Same story. You know when you’re eating a bit more junk food than is good for your fitness (not to mention your waistline); when you’re not drinking enough water, or getting the fresh foods, vitamins and minerals you need. There’s plenty of dietary advice out there. If you tend to feel lethargic or low in energy, consider talking to your doctor, a nutritionist or a naturopath: relatively minor dietary changes (extra fruit, veg and water, say) or vitamin supplements can give you a real boost!
Nourishing yourself isn’t just about food and drink. Our spirits need it, too. One of the homework tasks I like to set my mentorees (when I see them getting very ‘serious’ about their success pursuits) is to put into their schedule or To Do List one special moment per day. The special moment can be as short or as long as the schedule permits, but it has to be special. It’s time out to do their own thing. Time to have a treat or an adventure. Time to look after themselves and recharge their batteries. Time to create a special memory for later. Time to play. Whatever it is. (Vegging out and doing nothing doesn’t count. It may be unusual – and superficially ‘restful’ – but it’s not special, creative, or particularly restorative...)
The special moment is a priority as much as anything else in their schedule: a matter of discipline. They don’t get to skip it, whatever else is happening. They are accountable to me (and themselves) for having fun – or getting rest – or both! Time to make some health resolutions – just for one month. I challenge you to give it a go.
For many years, I have ensured that I have at least eight hours’ sleep every night. I do at least 30 minutes’ exercise per day (including some sports I really enjoy: discipline isn’t the same as masochism!). I don’t drink coffee anymore, and I drink alcohol maybe two to three nights a week (and then, moderately). I work at limiting the junk food – and because I have a busy life, I also take vitamins. I visited my naturopath feeling low on energy, had some blood tests, and found that I needed extra Vitamin B: simple.
Each year, I go on a retreat, sometimes for 2-4 weeks. I live on a very basic rice and vegetarian diet; no alcohol or caffeine; lots of meditation and reflection (including complete silence for one or two days). It’s an opportunity to ‘detox’ in all sorts of ways, physical, mental and spiritual: to break out of addictions and habits. Even little things, like detaching from caffeine, can make a big difference to my quality of life. I come back with a huge boost to my energy and well-being. You might not be able to do 2-4 weeks annually – but what about 24 hours, every now and then?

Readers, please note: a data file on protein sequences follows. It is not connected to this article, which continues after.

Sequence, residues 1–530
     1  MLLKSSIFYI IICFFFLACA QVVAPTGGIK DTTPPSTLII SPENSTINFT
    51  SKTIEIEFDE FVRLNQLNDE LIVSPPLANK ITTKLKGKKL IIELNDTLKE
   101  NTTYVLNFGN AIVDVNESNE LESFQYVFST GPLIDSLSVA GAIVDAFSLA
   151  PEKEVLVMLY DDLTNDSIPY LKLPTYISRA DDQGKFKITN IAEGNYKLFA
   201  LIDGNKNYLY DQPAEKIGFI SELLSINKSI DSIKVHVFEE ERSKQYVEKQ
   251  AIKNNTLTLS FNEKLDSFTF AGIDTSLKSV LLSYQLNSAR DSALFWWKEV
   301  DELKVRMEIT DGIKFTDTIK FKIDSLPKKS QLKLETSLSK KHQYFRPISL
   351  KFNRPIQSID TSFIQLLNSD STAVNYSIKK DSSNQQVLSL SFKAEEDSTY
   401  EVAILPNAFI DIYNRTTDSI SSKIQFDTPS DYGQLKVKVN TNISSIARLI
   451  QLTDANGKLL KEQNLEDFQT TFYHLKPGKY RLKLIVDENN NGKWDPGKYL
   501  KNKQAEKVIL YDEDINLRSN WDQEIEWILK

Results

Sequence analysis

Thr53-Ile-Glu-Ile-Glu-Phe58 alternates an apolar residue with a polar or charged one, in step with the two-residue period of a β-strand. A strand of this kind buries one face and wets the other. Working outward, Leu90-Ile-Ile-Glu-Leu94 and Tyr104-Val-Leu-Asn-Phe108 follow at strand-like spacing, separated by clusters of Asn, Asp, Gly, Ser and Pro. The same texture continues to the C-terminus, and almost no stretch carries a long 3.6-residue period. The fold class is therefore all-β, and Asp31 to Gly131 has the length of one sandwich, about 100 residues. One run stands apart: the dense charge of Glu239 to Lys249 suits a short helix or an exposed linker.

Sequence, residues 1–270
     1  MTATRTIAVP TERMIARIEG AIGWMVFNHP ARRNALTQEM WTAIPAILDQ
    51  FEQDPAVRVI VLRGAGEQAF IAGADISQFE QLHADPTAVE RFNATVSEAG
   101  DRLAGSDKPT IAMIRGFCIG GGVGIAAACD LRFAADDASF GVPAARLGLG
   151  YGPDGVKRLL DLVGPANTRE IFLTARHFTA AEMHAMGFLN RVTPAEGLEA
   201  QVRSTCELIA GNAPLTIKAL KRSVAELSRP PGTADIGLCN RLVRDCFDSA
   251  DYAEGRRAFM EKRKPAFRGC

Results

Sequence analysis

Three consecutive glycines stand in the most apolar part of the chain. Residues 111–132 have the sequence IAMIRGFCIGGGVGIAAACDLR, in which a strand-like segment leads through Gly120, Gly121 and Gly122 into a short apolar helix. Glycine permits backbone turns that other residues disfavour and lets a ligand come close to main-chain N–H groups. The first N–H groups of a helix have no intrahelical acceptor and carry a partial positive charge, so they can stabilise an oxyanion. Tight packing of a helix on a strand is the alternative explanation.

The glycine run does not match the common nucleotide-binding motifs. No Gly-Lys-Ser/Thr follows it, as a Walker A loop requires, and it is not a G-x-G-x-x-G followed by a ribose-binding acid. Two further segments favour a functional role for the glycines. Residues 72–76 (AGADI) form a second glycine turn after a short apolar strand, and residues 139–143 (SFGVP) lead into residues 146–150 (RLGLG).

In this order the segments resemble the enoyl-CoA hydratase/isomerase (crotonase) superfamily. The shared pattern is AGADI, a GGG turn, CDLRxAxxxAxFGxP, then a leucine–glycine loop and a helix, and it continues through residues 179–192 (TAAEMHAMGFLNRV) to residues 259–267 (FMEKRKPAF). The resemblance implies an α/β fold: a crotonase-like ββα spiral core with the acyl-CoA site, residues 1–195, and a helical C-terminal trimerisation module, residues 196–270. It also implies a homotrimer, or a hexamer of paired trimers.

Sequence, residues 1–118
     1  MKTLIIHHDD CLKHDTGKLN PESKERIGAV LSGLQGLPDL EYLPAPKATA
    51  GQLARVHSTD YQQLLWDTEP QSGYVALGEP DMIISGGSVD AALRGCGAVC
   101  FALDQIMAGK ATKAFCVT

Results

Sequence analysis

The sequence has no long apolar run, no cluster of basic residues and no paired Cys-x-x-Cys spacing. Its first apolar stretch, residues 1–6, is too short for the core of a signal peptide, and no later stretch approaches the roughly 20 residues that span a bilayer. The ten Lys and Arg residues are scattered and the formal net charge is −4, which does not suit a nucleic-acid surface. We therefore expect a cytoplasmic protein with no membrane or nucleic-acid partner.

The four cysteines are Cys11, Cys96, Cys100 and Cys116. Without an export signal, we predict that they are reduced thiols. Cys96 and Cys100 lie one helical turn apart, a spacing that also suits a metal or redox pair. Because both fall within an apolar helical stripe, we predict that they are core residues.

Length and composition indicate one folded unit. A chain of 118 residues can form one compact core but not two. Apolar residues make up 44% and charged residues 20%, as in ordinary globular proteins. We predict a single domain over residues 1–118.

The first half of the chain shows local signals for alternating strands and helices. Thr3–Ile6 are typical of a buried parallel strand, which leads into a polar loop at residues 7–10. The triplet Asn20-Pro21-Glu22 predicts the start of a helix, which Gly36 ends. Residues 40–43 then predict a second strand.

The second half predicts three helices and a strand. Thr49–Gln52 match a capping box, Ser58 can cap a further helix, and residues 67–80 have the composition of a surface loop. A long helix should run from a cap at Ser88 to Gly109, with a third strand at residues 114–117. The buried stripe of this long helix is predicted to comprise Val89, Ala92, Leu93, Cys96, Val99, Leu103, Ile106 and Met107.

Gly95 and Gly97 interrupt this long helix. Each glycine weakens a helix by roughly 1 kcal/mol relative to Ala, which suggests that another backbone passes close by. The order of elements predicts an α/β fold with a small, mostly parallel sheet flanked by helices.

None of this is exactly what you’d call a rigorous regime: it’s not self-denial, just self-discipline. Frankly, I can’t afford to be less than my best, health wise. Can you?
OK, so while you’re in the process of taking charge of your health and fitness – why not take a similarly disciplined approach to your mental attitude? The affirmations and visualisations won’t be sustainable or effective unless you start to get the habit of more positive, responsible, proactive thinking. If there’s one thing that will make a difference here, it’s the people with whom you spend time. You know who they are – the individuals or groups who leave you feeling good about yourself and your plans, energised, supported, challenged, resourceful and positive: the ones who say ‘Go for it! You can do this!’
And you know who the others are: the individuals and groups who leave you feeling a bit doubtful, helpless, tired, inadequate, regretful, resigned – in a word, negative. While you’re making resolutions to cut down on the poisonous substances in your body – alcohol, caffeine, junk food, nicotine or whatever – go the step further. Cut down on the toxic people – because they drain your positive energy every bit as much...
And while you’re making resolutions to get more healthful stuff into your life – more sleep, exercise, vitamins or whatever – go the step further. Get more healthful people into your week – because they add to your positive energy every bit as much...
Make a conscious decision to spend more time this week with positive people.
• Monitor your mood and energy levels during the week. How does the experience of less negativity and more positivity in your environment affect you?
Getting in balance
In the past, I’ve let my life get out of balance. My personal addiction was to work – but we can over-invest in any area of life to the exclusion of others. If one area of life takes over, we become less developed in the others: they become stunted, or impoverished. And we end up as less rounded, less human people.